FLOWERY BRANCH - It’s been a relatively busy offseason for Tony Gonzalez, and not in a physical sense.
The 37-year-old Falcons tight end says he “can’t complain,” about his shape, despite being the second-oldest guy on the roster. What took up most of his time instead was negotiating a plan with Atlanta head coach Mike Smith to attend practices on a regular occasion while upholding a promise to watch his 12-year-old son, Nikko, begin his own football career this fall.
“There were some obligations I made to my family, more importantly to my son, Nikko, around this time last year,” Gonzalez said. “Those responsibilities are coming up here pretty soon, so I’ll probably head back and hang out with him and do what I told him I was going to do.”
With the agreements solidified, The NFL’s all-time leader in touchdowns and receiving yards among tight ends is back for one final year and his last chance to win his first Super Bowl. He came one game short last year, when the 13-3 Falcons were defeated by the San Francisco 49ers 28-24 in the NFC Championship game.
Gonzalez, who caught for 930 yards and eight touchdowns last season, backed out of his retirement plans in March after his son convinced him to stick around for one final season.
As a result, Gonzalez and Smith elected to work out an agreement that will allow the future of Hall-of-Famer to occasionally miss practices during training camp and visit his son in California. He participated in the first training camp session Thursday, and will also practice today.
“I’ll join the team early — I won’t be showing up a week before the game,” Gonzalez said. “I’ll be out here earlier than that. I’ll be out here — you can be the house on that.”
That kind of plan may not bode well for a younger player between him and his coach. But for a 16-year veteran with more than 14,000 yards and 100 touchdowns to his name, it was well worth having him back on a Falcons team that has serious aspirations for a Super Bowl title in 2013.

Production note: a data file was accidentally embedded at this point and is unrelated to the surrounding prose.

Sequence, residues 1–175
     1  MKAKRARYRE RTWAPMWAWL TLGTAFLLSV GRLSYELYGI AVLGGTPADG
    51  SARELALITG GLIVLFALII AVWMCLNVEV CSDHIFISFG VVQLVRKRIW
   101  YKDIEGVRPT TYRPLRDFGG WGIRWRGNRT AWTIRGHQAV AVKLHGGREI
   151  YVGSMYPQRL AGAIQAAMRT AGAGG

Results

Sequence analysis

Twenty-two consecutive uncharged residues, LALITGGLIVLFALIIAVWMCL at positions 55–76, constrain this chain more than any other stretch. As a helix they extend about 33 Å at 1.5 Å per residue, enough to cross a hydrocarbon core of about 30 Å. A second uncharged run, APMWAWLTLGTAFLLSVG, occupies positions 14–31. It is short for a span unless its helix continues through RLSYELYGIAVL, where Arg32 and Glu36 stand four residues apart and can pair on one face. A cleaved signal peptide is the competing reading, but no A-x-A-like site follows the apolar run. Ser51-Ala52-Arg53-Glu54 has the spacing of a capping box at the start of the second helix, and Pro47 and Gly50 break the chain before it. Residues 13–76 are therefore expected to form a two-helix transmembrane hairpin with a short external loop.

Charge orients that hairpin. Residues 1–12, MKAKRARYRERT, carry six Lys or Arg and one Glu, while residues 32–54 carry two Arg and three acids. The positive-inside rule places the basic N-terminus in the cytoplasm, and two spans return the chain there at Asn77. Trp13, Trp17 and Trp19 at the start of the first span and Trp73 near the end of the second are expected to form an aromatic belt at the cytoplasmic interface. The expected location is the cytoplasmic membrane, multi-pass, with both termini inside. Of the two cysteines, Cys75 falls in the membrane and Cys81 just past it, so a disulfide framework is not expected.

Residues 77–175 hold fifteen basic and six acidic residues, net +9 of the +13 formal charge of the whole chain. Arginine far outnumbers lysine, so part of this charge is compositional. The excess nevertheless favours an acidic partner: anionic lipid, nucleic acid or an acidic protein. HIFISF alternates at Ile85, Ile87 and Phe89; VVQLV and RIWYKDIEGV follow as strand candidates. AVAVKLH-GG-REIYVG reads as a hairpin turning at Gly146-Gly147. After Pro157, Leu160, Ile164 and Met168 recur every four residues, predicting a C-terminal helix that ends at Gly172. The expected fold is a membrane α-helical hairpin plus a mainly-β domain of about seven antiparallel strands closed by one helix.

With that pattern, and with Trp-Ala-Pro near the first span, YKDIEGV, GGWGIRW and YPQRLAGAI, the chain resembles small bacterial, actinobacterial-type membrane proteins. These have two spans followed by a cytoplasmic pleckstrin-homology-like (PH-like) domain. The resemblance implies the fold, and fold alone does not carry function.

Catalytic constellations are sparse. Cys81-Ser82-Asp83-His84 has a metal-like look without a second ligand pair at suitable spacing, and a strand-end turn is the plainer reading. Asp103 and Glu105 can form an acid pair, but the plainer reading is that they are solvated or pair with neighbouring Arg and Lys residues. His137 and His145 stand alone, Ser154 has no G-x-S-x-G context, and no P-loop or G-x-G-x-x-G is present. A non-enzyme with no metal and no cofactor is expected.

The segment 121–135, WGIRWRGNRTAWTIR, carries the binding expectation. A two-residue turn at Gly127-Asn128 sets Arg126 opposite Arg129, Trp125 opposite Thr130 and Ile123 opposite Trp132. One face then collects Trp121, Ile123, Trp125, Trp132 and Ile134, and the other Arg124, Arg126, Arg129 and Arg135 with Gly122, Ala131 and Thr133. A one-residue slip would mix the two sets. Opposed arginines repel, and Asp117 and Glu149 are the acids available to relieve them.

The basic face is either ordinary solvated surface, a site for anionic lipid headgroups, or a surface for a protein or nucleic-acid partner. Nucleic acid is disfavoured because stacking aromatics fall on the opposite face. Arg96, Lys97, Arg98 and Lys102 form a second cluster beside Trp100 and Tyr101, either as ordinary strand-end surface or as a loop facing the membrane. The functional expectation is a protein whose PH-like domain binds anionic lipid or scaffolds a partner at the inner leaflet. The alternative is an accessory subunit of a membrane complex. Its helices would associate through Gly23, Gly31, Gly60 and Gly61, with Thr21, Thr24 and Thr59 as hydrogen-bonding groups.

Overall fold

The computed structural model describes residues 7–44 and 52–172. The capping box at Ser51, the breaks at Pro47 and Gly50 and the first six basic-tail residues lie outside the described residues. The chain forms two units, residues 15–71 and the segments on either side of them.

“After talking with Tony, we’ve come to a mutual agreement that we’re going to let him honor those commitments with his family,” Smith said. “So there will be some time when he’ll be here in training camp, and there will be some time where he won’t. Those decisions were made prior to him deciding if he would play again.
“We’re glad he’s here. He’s going to be here for a while, then he’s going to be gone, and then he’ll be back. That’s a decision Tony and I had conversations about through this offseason.”
With Gonzalez back, Atlanta is sitting pretty on offense. Quarterback Matt Ryan was able to clear his head of contract talks Thursday, when he agreed to a five-year contract extension worth $103.75 million. He still has his two primary passing options in Julio Jones and Roddy White, of course. On top of that, the Falcons bolstered their running game in March by bringing in versatile veteran back Steven Jackson.
Gonzalez, who has never even played for a Super Bowl, knew he didn’t have look far beyond the parameters of his most recent employer when it came to securing his best chance at a championship.
“We’re surrounded by talent, we added Steven Jackson in the backfield,” Gonzalez said. “Who knows who else they might have in here now that Matt’s deal is done.
“The sky is the limit on what we can do, but we understand that on paper it doesn’t mean anything.”
Atlanta opens the 2013 regular season on the road against divisional foe New Orleans, which could be the Falcons’ biggest threat in an NFC South that has been slated as one of the toughest divisions in the NFL.
Gonzalez and company will spend half the season with some uphill battles just to reserve a playoff spot. They had the best record in the NFC last season, but fizzled out one game before the Super Bowl after blowing a 17-point first half lead in the conference championship game.
But Gonzalez doesn’t think the Falcons need to do anything differently this year to push their season one game further.
“Honestly, football is like that,” he said. “It’s always a play here or a play there that can change the dynamic of the game. We need to go out there and do what we did last year. It’s not like something is going to get us over the hump.
We had it last year, and I think it’s better this year.”
If all goes according to plan, Gonzalez will have the curtain call of a lifetime, lifting that much sought-after Lombardi Trophy over his head.
“If we just working hard with the players that we have, and we stay healthy, we’re going to be very tough to stop,” he said.